A scheme with a higher purchase and lower charging station subsidy compared to the observed scheme generates maximal substitution towards electric cars as it induces strong indirect network effects on both sides. This scheme also causes substantial distortions leading to cheap but low-range electric cars. Selling as many electric cars as possible does not necessarily minimise CO2 emissions from new car sales, however. Ideally, electric cars attract consumers who would have bought a very polluting car otherwise. Incentivising range provision by indexing the purchase subsidy on range strikes a balance between inducing many electric car sales and replacing very polluting cars to achieve minimal CO2 emissions. Finally, consumers prefer a scheme only subsidising charging station entry, which minimises price and range distortions. Such a scheme delivers high-range electric cars and a large charging station network, which consumers value.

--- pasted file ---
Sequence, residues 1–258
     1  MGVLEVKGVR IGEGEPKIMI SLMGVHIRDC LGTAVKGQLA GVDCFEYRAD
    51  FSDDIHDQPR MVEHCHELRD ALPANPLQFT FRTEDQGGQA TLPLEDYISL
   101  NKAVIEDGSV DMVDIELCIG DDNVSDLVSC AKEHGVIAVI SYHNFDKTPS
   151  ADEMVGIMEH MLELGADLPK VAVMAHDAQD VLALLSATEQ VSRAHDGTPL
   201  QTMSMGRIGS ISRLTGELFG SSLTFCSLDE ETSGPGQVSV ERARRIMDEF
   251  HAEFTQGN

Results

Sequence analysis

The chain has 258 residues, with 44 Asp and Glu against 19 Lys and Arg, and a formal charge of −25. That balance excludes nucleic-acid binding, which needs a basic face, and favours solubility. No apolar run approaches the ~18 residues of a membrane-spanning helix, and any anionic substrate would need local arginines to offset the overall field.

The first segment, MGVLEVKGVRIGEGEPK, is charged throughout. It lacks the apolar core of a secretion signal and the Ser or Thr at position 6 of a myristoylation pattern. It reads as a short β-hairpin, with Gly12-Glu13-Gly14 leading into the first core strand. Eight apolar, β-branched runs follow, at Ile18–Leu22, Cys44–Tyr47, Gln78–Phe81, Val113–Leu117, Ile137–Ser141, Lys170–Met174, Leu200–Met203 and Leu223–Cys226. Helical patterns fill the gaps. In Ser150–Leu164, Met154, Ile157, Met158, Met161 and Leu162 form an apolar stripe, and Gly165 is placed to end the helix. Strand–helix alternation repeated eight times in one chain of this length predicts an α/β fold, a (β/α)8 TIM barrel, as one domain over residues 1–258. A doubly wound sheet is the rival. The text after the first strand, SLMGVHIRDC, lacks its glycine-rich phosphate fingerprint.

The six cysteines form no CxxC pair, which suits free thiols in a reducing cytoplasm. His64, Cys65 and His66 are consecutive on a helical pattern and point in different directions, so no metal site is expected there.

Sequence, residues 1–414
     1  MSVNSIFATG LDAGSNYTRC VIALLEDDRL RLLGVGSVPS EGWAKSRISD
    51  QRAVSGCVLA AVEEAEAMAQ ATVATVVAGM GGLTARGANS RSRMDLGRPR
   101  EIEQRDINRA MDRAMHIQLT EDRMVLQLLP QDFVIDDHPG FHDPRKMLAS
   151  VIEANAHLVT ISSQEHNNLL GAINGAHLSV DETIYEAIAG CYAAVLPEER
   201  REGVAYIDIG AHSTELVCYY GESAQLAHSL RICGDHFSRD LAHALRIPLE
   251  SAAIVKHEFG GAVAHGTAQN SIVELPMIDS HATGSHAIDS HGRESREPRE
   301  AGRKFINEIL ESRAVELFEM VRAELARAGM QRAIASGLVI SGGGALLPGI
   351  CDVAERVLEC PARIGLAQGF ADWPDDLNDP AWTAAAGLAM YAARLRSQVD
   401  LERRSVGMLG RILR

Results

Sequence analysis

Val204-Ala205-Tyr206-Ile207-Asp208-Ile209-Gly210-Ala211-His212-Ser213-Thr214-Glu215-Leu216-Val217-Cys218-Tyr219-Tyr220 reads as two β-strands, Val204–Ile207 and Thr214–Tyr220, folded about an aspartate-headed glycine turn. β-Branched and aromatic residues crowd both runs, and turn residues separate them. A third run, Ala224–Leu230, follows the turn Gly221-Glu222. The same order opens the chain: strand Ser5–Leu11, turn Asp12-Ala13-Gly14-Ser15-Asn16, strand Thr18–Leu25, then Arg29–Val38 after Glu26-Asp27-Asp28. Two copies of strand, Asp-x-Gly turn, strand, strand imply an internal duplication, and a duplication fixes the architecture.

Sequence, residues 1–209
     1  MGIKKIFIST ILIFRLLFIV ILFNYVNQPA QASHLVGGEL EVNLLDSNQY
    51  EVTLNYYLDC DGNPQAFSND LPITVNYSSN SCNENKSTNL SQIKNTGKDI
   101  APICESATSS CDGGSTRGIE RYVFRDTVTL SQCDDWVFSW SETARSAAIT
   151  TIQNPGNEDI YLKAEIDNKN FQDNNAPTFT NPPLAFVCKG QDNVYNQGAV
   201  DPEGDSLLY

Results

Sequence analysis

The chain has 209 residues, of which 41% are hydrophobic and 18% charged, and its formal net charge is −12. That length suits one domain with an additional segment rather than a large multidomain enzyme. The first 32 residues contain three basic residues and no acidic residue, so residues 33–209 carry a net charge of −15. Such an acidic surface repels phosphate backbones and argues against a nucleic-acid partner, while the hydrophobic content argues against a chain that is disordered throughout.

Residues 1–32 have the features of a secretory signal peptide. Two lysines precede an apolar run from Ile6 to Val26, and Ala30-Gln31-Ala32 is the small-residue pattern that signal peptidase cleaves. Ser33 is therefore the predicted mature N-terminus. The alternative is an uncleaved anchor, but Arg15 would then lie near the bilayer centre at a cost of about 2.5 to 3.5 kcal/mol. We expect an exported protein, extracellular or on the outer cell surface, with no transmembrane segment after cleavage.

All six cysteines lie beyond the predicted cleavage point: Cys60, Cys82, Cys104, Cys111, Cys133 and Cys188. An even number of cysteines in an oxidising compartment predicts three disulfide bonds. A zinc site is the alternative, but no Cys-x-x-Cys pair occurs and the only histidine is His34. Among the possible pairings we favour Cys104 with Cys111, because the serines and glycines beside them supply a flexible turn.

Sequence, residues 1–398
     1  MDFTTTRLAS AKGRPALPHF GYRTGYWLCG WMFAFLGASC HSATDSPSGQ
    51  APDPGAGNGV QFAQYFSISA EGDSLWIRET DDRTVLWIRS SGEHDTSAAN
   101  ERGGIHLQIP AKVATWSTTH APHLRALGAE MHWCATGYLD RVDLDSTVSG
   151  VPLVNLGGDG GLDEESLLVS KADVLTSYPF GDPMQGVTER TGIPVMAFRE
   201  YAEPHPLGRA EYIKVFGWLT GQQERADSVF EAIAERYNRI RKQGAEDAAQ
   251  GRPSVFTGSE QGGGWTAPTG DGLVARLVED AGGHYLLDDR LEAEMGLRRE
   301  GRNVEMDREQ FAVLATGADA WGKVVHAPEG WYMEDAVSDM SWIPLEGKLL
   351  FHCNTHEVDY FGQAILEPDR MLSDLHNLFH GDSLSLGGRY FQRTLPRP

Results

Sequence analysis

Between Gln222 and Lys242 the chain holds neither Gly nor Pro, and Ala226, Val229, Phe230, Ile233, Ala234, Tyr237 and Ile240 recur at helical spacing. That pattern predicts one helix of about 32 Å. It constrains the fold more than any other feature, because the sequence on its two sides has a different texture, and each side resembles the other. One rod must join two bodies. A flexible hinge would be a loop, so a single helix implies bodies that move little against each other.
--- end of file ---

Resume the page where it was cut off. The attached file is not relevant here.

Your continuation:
These findings highlight that policymakers must understand strategic price and range reactions to subsidies and how they interact with indirect network effects. These reactions can lead to strong price and range distortions that shape substitution patterns between electric and combustion cars, which in turn shape policy outcomes. In particular, focusing on maximising electric car sales may come at the expense of range improvements and charging station network development.
- This blog post is based on the author’s presentation Adjustable product attributes, indirect network effects, and subsidy design: the case of electric cars, at LSE Environment Week.
- The post represents the views of its author(s), not the position of LSE Business Review or the London School of Economics.
- Featured image by J Dean on Unsplash